What substances can and can not diffuse through the lipid bilayer?
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You are describing the structure of the cell membrane. It has two layers, consisting of hydrophobic (water repelling) tails, oriented towards each other, and hydrophilic (water loving) heads, arranged toward the inside and outside. This structure allows some molecules to freely diffuse across the membrane; these would be those that are hydrophobic, and include small, uncharged molecules such as oxygen and carbon dioxide.
Other molecules do not pass freely through, and instead only move through with an expenditure of energy by the cell; this limits their access to the cell. These types of molecules are polar; that is, they have areas of positive and negative charge, and include amino acids, nucleic acids, carbohydrates, proteins, and other ions.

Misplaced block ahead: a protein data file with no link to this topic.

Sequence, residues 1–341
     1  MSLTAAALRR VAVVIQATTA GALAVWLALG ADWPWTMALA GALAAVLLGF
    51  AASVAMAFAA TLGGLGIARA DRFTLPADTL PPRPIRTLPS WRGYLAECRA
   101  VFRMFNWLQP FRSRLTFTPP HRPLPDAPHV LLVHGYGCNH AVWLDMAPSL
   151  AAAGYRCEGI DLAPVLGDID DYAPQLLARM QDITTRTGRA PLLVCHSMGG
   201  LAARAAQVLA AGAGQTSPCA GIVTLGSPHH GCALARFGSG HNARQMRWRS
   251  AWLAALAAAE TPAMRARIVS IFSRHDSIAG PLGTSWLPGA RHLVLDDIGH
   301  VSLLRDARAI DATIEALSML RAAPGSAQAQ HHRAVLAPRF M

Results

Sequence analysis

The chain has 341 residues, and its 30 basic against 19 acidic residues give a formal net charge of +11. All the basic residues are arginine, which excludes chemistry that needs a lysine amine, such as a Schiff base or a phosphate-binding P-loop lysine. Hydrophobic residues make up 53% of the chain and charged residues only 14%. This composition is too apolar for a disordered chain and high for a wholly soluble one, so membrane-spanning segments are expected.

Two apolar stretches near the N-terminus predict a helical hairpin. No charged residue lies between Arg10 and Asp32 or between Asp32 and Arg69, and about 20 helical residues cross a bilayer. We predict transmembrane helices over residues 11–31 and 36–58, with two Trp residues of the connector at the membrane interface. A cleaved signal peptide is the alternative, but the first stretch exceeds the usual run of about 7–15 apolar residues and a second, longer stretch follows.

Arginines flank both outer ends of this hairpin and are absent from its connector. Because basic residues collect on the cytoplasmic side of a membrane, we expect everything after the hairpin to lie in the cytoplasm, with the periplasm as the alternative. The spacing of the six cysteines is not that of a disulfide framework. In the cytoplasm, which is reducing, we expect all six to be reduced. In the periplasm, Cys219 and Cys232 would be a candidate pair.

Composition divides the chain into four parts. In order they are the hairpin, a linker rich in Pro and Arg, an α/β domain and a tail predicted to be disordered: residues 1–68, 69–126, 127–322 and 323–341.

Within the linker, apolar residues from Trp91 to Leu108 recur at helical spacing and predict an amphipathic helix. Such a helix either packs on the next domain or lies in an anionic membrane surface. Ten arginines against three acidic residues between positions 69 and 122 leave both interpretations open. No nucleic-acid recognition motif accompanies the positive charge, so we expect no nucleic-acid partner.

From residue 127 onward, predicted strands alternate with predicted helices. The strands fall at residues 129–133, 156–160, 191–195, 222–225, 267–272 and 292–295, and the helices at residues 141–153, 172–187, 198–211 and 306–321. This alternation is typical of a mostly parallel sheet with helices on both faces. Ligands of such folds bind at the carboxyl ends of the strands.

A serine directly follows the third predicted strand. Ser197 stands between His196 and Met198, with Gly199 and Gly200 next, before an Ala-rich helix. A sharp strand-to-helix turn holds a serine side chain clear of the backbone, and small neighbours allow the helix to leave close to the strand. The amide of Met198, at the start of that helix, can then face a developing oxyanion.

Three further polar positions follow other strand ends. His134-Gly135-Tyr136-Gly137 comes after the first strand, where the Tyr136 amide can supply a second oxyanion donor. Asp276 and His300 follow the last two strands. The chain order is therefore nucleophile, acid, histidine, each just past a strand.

Besides giving a cell shape and strength, the cell membrane is differentially permeable, allowing some materials to pass through while preventing others from doing so. With regard to molecules, the cell membrane is very permeable to water, certain lipid-soluble substances, amino acids, and sugars, but relatively impermeable to large molecules such as proteins and polysaccharides.
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